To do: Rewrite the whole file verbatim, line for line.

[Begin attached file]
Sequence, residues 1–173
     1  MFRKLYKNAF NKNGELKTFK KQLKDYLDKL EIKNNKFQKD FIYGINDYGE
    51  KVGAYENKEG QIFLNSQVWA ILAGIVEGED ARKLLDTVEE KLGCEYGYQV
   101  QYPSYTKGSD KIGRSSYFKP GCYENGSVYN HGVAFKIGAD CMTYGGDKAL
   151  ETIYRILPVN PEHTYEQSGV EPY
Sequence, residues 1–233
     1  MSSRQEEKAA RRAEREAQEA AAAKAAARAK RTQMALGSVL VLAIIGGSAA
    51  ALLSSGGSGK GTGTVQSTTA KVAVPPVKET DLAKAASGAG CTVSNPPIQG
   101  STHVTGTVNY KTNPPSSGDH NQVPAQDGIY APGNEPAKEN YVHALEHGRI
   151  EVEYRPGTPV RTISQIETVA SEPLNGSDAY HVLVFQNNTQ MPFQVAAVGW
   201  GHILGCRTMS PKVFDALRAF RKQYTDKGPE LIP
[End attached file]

Sequence, residues 1–173
     1  MFRKLYKNAF NKNGELKTFK KQLKDYLDKL EIKNNKFQKD FIYGINDYGE
    51  KVGAYENKEG QIFLNSQVWA ILAGIVEGED ARKLLDTVEE KLGCEYGYQV
   101  QYPSYTKGSD KIGRSSYFKP GCYENGSVYN HGVAFKIGAD CMTYGGDKAL
   151  ETIYRILPVN PEHTYEQSGV EPY
Sequence, residues 1–233
     1  MSSRQEEKAA RRAEREAQEA AAAKAAARAK RTQMALGSVL VLAIIGGSAA
    51  ALLSSGGSGK GTGTVQSTTA KVAVPPVKET DLAKAASGAG CTVSNPPIQG
   101  STHVTGTVNY KTNPPSSGDH NQVPAQDGIY APGNEPAKEN YVHALEHGRI
   151  EVEYRPGTPV RTISQIETVA SEPLNGSDAY HVLVFQNNTQ MPFQVAAVGW
   201  GHILGCRTMS PKVFDALRAF RKQYTDKGPE LIP